Innovative solar geysers make Atlantis homes ‘future fit’

10 Dec 2021 in Where We Govern

The City of Cape Town, in support of its Strategic Business Partner (SBP), the Atlantis Special Economic Zone for green technologies, and their service provider Lulalab Foundation, attended the launch yesterday, 9 December 2021, of 100 innovative solar geysers that will be installed at informal homes in Witsands and Pella, in Atlantis, by mid-December. This multi-beneficial project aims to provide residents with access to warm water by harnessing solar power, while encouraging recycling, reducing waste going to landfill and providing temporary job opportunities for locals.

More than 750 2L bottles have been collected during a campaign by the ASEZ and Lululab to make these innovative solar geysers for the 100 households in Pella and Witsands.

The City’s Mayoral Committee Members Alderman James Vos (Economic Growth) and Councillor Beverley van Reenan (Energy and Climate Change) attended the launch, which signaled the start of the installations at the homes of the beneficiaries.

Each geyser is made up of five 2l recycled plastic bottles set into a made-for-purpose casing attached to a 50l water drum that is heated by the sun. It will be connected to an existing tap on the property. Where a tap is not available, the drum will get filled by the entrepreneurs responsible for maintenance, also doing the installations.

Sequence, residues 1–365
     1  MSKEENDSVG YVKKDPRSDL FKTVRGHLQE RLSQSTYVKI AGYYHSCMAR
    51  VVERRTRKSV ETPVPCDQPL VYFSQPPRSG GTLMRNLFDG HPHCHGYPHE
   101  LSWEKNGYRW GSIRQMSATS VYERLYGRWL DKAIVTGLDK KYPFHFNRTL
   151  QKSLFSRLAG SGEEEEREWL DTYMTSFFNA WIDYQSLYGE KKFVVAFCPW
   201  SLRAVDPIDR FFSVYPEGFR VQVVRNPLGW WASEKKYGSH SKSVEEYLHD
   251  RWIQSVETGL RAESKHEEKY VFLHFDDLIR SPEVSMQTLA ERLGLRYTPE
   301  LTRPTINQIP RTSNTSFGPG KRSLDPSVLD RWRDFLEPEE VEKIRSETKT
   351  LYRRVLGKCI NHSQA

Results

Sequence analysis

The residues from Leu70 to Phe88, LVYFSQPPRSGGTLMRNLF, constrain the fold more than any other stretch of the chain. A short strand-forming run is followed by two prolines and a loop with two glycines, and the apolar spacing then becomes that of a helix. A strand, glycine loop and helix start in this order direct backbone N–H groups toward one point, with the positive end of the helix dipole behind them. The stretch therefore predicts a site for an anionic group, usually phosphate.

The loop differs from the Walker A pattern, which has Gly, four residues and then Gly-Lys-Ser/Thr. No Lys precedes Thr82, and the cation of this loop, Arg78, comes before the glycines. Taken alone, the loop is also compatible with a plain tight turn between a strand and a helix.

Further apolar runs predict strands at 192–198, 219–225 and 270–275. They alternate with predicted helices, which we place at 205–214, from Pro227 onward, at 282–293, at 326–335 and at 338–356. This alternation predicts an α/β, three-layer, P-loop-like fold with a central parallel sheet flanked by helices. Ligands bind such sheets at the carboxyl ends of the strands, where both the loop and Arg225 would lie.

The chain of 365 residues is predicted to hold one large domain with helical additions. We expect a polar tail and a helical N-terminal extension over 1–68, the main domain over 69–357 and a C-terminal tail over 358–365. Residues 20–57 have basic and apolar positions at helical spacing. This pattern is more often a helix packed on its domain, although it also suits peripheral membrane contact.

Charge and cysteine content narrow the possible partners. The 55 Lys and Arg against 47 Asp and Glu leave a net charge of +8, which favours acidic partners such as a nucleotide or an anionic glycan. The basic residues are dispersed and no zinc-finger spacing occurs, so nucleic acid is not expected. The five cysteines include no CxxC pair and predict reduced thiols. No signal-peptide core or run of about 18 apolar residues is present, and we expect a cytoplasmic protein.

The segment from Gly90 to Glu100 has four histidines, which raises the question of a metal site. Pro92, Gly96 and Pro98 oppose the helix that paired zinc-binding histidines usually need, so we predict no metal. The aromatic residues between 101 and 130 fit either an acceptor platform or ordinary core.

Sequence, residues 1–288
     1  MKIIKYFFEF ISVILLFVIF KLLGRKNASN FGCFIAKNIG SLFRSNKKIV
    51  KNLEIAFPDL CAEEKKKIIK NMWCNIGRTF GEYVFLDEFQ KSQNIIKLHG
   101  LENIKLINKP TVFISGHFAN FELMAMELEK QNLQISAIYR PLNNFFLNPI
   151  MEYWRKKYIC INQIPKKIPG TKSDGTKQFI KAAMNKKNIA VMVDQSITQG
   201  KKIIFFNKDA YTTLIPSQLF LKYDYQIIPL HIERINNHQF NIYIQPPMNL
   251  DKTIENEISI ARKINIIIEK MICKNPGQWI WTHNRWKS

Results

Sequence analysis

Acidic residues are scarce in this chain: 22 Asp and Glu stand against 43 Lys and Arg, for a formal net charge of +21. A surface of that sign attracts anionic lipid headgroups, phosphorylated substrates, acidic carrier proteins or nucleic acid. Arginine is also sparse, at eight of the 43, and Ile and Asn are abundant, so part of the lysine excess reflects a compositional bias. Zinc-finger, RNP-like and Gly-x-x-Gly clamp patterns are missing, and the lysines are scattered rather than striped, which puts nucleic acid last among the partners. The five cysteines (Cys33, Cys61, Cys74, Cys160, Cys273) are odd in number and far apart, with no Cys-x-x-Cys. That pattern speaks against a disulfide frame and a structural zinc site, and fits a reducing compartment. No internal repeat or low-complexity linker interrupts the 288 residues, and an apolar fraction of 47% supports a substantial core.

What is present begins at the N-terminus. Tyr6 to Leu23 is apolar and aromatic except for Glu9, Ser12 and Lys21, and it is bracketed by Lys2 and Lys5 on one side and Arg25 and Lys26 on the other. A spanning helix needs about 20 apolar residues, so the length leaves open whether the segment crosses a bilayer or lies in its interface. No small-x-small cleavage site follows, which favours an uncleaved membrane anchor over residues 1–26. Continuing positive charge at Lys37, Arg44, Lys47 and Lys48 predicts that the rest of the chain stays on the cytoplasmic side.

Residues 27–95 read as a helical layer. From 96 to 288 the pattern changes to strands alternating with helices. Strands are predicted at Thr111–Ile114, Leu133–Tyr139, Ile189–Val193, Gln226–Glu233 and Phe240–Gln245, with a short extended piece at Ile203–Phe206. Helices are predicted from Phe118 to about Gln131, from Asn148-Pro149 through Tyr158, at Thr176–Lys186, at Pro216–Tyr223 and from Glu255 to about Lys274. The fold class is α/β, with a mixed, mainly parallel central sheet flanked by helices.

Alderman Vos said, ‘We are excited to see the initiative being done by the ASEZ and Lulalab, which is harnessing more than just solar power to provide households with access to warm water for sanitation. It encourages recycling and diverting waste from landfill, as well as creating jobs for locals for the next year. These locals will be upskilled with technical skills to assemble and install a geyser, via New Venture Creation training, which will help them to be more marketable for future job opportunities.’

The Lulalab first rolled out this project in Hopefield, Soweto, about a year ago. The Pella and Witsands communities are its second group of beneficiaries.

‘With informality growing in Cape Town and in other urban centres in South Africa, innovation and greater partnerships are required. The City is looking to strengthen its efforts in decreasing energy poverty in low-income households. Solutions and partnerships such as this one are, therefore, welcome. It’s important that all our residents begin to make their homes future-fit. If residents are able to spend more money on making smart changes around their home, they are encouraged to consider installing a solar water heater or heat pump, among others. These will cost more upfront, but residents could save as much as 25% on their monthly electricity costs,’ said Councillor van Reenen.

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